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The suspense has been building this week in the plot to expand California's Film and Television Production tax credit program.
The bill has made its way through the California Assembly and is awaiting consideration by one last committee in the Senate - Appropriations - before going to the full Senate floor for a vote. AB 1839 was originally on the committee's crowded agenda for this past Monday, but was pushed back until next Monday.
Then came word that Senator Kevin de León (D-Los Angeles) had serious concerns about the bill. Since he's the Chairman of the Senate Appropriations committee, those concerns commanded focus in Sacramento, reported Deadline Hollywood on Tuesday.
“His conclusion is that the existing credit has too many weaknesses to be substantially expanded this year. At least not in the range the advocates are currently pushing,” said Dan Reeves, Chief of Staff to Senator de León, according to Deadline.
The plan for a new mixed-use building in West Hollywood ran contrary to the city's policies of inclusiveness and equal access for all.
The developer of a proposed large mixed-use building in West Hollywood that planned to restrict tenants living in affordable housing units from accessing the property's pool said Wednesday it will reconsider after encountering strong objections from the city's Community Development Department.
"The City of West Hollywood previously recommended comparable amenities, which we had agreed to," Brian Lewis, a spokesman for the project, said in a statement. "If the City now feels that shared amenities and access best meet the needs of the residents of the affordable housing units, we are more than willing to accept those conditions of the project."
The West Hollywood planning commission is set to vote on approving the proposed building Thursday, which is being developed by Townscape Partners of Beverly Hills and the New York investment firm Angelo Gordon & Co. A staff report from West Hollywood's Community Development Department recommended against approval because of the restricted pool access.
American League All-Star Mike Trout #27 of the Los Angeles Angels poses with the MVP trophy after a 5-3 victory over the National League All-Stars during the 85th MLB All-Star Game at Target Field on July 15, 2014 in Minneapolis, Minnesota.
The Angels trounced the Dodgers on the baseball diamond Monday night 5-0, in the first game of a four-game freeway series.
The Halos also dominated the Dodgers on FOX Sports West TV, scoring a 4.02 household rating, which equals 346,000 viewers. It was the highest rating of the season for The Angels, and their second-best ever on Fox Sports.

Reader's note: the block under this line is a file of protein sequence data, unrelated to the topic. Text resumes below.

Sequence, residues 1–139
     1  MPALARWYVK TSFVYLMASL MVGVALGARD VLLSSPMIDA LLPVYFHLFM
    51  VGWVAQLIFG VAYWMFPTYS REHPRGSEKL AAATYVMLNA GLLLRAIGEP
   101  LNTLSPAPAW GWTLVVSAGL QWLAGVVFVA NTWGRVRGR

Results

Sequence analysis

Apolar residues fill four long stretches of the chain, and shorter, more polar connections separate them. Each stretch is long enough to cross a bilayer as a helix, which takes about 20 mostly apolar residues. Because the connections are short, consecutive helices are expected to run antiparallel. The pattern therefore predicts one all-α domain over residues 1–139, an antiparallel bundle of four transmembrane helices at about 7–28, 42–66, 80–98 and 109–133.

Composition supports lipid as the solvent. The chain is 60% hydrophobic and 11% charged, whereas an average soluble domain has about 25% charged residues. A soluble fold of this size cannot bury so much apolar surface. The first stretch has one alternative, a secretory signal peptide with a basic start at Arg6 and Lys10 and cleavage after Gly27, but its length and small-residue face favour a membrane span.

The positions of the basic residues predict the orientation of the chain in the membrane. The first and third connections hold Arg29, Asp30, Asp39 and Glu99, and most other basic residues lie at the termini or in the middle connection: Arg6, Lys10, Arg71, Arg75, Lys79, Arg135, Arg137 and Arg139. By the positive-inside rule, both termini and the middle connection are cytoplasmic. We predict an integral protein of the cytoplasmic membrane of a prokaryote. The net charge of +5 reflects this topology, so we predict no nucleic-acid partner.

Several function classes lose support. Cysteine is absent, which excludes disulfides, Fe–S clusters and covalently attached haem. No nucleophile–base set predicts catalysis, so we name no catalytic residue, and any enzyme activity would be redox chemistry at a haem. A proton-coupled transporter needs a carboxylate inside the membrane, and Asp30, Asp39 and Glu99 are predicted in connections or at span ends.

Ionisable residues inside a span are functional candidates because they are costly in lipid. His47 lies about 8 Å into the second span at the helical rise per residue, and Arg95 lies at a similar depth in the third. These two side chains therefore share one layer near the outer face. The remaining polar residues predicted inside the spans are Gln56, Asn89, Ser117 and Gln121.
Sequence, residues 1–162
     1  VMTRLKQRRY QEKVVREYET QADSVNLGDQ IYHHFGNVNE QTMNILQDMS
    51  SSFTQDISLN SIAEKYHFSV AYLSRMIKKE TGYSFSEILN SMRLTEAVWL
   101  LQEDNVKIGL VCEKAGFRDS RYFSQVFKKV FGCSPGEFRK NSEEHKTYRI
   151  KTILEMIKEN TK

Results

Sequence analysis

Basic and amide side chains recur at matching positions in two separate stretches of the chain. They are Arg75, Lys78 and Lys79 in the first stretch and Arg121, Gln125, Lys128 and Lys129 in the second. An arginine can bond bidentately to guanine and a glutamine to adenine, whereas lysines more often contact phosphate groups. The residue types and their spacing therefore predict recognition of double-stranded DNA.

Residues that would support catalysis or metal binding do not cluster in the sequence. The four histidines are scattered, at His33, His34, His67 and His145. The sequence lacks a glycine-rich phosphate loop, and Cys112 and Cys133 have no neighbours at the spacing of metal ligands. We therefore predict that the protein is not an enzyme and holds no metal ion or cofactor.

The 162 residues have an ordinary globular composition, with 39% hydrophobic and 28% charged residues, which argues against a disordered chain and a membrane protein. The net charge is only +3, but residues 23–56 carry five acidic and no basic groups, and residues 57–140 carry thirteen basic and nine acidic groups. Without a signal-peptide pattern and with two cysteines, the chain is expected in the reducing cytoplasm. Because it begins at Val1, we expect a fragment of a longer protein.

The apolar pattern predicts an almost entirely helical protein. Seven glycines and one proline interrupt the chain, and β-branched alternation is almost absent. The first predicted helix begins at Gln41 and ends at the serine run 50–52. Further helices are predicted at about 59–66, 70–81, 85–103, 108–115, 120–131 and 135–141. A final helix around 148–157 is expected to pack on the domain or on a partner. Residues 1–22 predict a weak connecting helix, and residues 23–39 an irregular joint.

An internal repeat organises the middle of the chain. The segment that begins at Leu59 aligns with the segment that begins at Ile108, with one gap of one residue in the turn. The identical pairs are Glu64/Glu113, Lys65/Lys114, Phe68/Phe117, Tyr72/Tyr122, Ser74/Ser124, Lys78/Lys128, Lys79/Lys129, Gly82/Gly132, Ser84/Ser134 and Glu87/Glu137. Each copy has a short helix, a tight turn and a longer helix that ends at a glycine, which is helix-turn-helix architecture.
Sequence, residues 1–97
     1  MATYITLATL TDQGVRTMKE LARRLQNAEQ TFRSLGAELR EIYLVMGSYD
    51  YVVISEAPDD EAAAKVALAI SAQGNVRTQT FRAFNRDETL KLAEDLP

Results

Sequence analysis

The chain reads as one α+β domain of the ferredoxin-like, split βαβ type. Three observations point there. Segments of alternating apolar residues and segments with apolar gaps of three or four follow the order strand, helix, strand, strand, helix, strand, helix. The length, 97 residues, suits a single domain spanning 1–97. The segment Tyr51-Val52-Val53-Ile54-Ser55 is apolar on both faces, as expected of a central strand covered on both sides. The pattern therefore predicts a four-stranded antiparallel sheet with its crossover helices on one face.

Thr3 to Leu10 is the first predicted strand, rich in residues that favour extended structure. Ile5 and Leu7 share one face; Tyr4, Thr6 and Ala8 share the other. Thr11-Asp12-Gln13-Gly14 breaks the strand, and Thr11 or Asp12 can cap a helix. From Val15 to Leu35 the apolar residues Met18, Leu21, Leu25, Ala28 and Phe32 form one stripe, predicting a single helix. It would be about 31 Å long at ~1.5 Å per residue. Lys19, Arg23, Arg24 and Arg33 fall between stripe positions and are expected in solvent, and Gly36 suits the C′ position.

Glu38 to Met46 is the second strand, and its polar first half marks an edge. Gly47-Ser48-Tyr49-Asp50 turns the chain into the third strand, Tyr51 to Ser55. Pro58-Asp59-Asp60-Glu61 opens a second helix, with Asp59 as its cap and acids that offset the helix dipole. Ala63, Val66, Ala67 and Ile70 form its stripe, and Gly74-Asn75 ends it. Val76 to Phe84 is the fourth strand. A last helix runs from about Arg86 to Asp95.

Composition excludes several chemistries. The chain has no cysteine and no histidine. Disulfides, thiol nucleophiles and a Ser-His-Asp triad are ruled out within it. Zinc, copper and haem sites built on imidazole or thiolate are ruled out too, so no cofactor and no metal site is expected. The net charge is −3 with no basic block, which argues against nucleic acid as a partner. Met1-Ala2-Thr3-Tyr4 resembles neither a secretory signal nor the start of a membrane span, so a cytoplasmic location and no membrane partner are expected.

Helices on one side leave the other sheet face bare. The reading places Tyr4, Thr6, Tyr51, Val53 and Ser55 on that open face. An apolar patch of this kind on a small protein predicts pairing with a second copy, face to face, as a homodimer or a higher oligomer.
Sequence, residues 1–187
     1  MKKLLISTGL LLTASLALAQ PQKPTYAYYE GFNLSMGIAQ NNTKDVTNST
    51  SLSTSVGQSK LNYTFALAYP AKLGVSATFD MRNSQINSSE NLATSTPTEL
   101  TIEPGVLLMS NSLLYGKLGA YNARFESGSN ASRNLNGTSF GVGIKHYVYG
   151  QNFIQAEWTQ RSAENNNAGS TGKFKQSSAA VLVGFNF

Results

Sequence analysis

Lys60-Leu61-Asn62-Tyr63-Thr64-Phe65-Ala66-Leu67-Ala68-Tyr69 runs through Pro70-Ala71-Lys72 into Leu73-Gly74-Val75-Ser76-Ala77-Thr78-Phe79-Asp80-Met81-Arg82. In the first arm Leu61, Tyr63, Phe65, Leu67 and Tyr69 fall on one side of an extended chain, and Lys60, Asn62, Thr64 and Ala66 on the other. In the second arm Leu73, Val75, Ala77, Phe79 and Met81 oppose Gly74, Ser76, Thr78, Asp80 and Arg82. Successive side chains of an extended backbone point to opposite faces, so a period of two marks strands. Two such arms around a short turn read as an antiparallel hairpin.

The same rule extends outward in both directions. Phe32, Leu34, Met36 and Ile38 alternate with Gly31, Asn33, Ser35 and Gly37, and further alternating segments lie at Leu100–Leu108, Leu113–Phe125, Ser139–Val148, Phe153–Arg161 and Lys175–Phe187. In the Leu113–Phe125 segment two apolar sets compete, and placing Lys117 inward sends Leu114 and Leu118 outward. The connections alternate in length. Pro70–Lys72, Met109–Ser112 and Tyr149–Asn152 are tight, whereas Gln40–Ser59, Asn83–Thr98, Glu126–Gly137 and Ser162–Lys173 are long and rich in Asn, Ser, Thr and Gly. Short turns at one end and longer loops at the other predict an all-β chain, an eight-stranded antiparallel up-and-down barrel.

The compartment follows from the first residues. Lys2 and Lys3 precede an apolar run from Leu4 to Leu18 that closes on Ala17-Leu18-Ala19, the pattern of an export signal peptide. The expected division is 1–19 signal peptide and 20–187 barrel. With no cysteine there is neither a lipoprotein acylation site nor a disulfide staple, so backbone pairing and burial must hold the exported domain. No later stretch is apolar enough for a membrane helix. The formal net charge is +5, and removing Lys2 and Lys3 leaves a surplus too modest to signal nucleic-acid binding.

In contrast, The Dodgers notched a lowly 1.01 household rating, or 88,000 viewers, on Sportsnet LA.
FOX Sports West has the advantage of being available to all pay-TV households in Southern California unlike Sportsnet LA, which is only seen by 30-percent of households. Thus, this week's games provide a rare chance for many Dodgers fans to see the team on TV, albeit without Vin Scully calling the game.
Overall, the Angels' TV ratings are up 34 percent this year compared to 2013.
Tribune Media and Tribune Publishing unveiled new, separate logos Monday, August 4, 2014, as the Tribune Company spun off its newspaper holdings into a separate organization.
On its first day of trading, the stock of Tribune Publishing Co. — the newly spun-off newspaper company that owns the Los Angeles Times — closed down 4.4 percent Tuesday, giving the company a value of about $537 million.
One day after its spinoff from Tribune Co. — which became Tribune Media — Tribune Publishing stock began trading on the New York Stock Exchange, the Chicago Tribune reported:
The stock lost 97 cents to close at $21.15 on volume of more than 821,000 shares. That places a value of about $537 million on the stand-alone publishing company, which trades under the symbol TPUB.
The stock began the day valued at $22.12 per share. By 11 a.m. Pacific Time, it had fallen 72 cents, or 3.25. percent.
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Travelers wait in line to have their boarding passes checked at a security screening area of American Airlines terminal at Los Angeles International Airport (LAX) on November 23, 2011 in Los Angeles, California.
Los Angeles International Airport is on track to break a record this year for airline passenger traffic.
Airport officials report that during the first six months of 2014, LAX saw 34,336,315 passengers, a 6.5 percent increase over the 32,217,517 during the same period last year. If the upward trend continues or strengthens for the rest of the year, the airport could top 70 million travelers.
LAX's annual passenger record stands at 67,303,182 -- set in 2000, and since then the numbers have fallen and risen in response to world events. The 9/11 attacks contributed to lower numbers in 2001 and 2002. The outbreak of SARS took them down again in 2003. They began climbing again in 2004, only to be knocked back again by the Great Recession in 2008. But since 2009, the ascent has been steady.